Student suicides. Childhood hunger. Kids with hidden challenges who fall through the cracks. Schools have struggled with these issues for years. Then COVID added remote learning and social isolation, creating a national crisis.
It would be facile to say “there’s an app for that.” But now there may actually be one: It’s called Rhithm, an emojified bio-social assessments app that’s already helping more than 100,000 students and staff in Texas, Arkansas, and Alabama.
Rhithm, a Dallas social-emotional learning and mental health startup led by co-founders Josh Knutson and Jake Gannon, just raised $4 million in a seed round led by Reach Capital and joined by co-investors SJF Ventures, Red House Education, and Edovate Capital.
Knutson is a licensed counselor who’s worked with kids facing complex trauma.
“I co-founded Rhithm because I saw the need for a mental health SEL solution that could be simple, efficient, and scalable,” he said in a statement. “(A solution) that wasn’t ‘one more thing’ for teachers; that provided real, useful data; that could be a tier 1, tier 2, and tier 3 intervention all wrapped into one; that could simplify this whole process so that we could once and for all solve this problem.”
Investor takes a personal interest
Reach Capital Venture Partner Jennifer Wu has a personal interest in Rhithm. Her company has tracked youth mental health trends since 2017, including a recent CDC report about a rash of suicides in the Palo Alto school district. Some of the suicides actually occurred on train tracks near Wu’s home, she revealed in a Medium article about Rhithm.
According to Wu, when she first met with Knutson she was intrigued by his question, “How would things shift if teachers and other adults knew what therapists know about their students?” When Knutson showed her a demo of the Rhithm app, she was sold on its potential immediately.
The app works like this: When a class starts, whether remotely or in person, students check in by using the app. With just a few clicks they reveal how they’re feeling by selecting emojis that reflect their mental, energy, emotional, physical, and social states.
Students are then given a short activity that suits how they feel. “If students are agitated, they may be guided through a breathing exercise,” Wu writes. “If low on energy, a stretching routine. The goal is to help them feel better in the moment and be more ready to learn. Over time, students develop self-awareness and self-management skills and build a toolkit of coping strategies they can use in any context.”
The Rhithm app is based on neurophysiology research. So while the assessment looks simple, it reveals a great deal. And it’s already making a big difference in classrooms.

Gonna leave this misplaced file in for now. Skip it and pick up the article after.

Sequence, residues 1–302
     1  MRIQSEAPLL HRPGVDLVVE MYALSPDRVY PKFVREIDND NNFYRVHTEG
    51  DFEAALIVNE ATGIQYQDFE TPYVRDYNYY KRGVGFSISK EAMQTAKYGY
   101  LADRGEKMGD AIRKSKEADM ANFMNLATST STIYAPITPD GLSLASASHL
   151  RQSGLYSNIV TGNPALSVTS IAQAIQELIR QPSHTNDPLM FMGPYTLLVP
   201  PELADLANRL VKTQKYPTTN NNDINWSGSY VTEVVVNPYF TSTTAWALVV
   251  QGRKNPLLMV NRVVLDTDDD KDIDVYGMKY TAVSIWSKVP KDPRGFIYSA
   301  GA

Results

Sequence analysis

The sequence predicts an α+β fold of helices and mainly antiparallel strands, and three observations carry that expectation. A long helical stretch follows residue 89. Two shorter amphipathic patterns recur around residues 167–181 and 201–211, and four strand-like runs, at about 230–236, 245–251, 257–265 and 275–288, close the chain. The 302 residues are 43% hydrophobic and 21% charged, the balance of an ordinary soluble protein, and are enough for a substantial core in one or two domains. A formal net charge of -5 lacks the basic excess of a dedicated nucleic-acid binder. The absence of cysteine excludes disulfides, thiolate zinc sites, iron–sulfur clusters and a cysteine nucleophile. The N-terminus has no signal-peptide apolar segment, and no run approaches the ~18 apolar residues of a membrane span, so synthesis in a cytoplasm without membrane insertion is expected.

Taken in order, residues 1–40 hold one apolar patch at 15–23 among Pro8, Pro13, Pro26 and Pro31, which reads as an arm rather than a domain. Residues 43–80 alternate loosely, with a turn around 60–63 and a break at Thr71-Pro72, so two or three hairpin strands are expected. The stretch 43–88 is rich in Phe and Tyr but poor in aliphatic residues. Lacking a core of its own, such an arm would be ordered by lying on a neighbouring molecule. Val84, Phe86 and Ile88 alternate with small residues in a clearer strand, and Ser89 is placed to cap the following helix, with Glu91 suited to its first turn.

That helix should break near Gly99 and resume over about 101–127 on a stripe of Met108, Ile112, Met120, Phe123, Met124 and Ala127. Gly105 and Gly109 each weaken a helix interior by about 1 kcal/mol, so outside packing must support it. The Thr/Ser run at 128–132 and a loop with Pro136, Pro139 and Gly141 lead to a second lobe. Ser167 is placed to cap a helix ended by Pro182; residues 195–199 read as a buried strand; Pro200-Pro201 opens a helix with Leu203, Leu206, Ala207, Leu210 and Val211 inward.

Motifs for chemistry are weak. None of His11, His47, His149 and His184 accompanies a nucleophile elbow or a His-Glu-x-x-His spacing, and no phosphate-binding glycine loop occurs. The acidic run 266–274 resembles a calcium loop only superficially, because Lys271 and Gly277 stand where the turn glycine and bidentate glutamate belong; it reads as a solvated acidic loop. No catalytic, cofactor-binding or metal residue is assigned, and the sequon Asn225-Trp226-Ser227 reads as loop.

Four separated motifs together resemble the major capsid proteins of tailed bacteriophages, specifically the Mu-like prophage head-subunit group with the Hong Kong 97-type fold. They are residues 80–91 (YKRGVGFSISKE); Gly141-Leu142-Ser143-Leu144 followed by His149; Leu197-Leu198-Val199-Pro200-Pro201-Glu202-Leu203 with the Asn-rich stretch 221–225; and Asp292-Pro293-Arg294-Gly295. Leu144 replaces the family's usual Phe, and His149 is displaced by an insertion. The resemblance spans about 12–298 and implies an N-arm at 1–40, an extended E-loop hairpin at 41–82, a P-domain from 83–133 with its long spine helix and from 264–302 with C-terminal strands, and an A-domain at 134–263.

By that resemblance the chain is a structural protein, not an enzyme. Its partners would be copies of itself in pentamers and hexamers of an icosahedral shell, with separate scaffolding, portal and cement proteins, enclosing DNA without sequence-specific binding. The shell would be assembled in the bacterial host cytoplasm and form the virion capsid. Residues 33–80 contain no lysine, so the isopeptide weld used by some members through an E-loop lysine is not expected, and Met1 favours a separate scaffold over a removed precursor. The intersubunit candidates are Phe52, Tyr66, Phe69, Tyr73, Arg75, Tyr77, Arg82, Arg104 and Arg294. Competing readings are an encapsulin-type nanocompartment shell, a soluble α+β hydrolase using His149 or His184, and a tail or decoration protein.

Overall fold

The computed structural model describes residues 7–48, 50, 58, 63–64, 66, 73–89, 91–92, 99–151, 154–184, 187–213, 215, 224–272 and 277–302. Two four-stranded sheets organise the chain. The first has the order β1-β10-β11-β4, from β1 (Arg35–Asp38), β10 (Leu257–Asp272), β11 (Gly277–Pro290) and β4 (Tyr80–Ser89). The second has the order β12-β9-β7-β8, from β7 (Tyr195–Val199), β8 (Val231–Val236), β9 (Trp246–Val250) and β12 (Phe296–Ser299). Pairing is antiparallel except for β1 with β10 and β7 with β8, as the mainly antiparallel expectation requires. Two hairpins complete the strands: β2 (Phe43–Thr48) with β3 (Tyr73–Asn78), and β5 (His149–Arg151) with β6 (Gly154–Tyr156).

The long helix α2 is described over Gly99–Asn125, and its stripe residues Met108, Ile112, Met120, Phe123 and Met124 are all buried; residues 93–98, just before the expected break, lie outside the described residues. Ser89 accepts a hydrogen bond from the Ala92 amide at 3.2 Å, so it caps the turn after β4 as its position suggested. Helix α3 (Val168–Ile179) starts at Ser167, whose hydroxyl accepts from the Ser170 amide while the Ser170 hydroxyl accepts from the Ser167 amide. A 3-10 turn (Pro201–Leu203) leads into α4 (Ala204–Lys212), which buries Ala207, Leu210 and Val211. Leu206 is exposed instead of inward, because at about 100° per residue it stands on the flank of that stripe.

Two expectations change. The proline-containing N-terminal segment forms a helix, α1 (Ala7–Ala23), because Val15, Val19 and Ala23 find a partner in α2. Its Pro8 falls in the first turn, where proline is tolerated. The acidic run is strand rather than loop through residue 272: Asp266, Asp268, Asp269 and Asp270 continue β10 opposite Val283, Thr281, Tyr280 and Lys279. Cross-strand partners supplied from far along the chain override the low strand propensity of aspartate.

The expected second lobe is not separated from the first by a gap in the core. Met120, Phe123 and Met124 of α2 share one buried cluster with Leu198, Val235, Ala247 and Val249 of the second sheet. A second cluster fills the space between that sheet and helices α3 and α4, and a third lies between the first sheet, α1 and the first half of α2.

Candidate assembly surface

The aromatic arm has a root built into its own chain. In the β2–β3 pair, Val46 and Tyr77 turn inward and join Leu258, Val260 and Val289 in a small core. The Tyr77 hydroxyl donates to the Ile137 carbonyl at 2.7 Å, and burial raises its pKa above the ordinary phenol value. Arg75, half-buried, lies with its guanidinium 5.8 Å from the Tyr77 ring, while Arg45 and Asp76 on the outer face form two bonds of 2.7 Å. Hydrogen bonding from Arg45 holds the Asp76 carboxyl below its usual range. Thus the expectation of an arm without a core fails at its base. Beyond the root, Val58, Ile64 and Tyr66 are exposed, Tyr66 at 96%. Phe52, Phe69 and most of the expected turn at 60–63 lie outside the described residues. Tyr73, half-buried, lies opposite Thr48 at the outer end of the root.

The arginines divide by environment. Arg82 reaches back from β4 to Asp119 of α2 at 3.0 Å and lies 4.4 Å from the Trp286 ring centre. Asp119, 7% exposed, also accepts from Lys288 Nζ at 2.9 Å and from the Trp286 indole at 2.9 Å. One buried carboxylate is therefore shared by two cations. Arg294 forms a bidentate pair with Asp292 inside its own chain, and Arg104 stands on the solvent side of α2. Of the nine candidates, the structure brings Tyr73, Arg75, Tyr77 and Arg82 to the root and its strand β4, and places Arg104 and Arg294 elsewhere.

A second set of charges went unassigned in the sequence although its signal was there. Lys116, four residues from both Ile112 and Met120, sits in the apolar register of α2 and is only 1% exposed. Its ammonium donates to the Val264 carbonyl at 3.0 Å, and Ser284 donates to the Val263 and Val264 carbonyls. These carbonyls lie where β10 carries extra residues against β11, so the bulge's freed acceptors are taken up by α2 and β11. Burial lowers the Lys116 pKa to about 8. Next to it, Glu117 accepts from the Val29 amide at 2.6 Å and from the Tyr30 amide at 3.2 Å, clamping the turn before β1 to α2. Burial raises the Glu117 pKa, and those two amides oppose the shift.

Making a difference in schools
At a Fort Worth middle school, “within the first four days of use, school staff discovered students who were struggling and were able to intervene. They connected a family of a student cutting himself with community resources. They connected another student dealing with anxiety and depression with a school intervention specialist. They connected a student feeling isolated with a buddy in class and at lunchtime,” Wu writes.
One teacher noted in feedback about Rhithm, “You set up the alerts and it has let me know about a few situations where kids were hungry for 3 days in a row or angry for 5 days.”
Less than a year after its launch, Rhithm is now used by more than 100,000 students and staff in more than 130 school districts, Wu writes. “And already it’s created unique sets of data and insights that can illuminate broader trends across a region or state.”
Data insights for K-12 school districts
The startup’s demonstration video shows their platform is more than just an assessment tool. The company’s Rhithm Insights data application is designed exclusively for school district and state leaders, enabling them to “ensure their social-emotional and student well-being resources are being deployed most effectively, and to explore advanced analytics to uncover previously invisible trends.”
“Rhithm provides students with an opportunity to communicate and to continue to develop social-emotional skills, no matter what setting they’re in,” the company says, “and provides school leaders with unparalleled access to the most important data at the most important time, so they can ensure that no one falls through the cracks.”
Note: This article was updated to reflect the correct name of the Medium article’s author.
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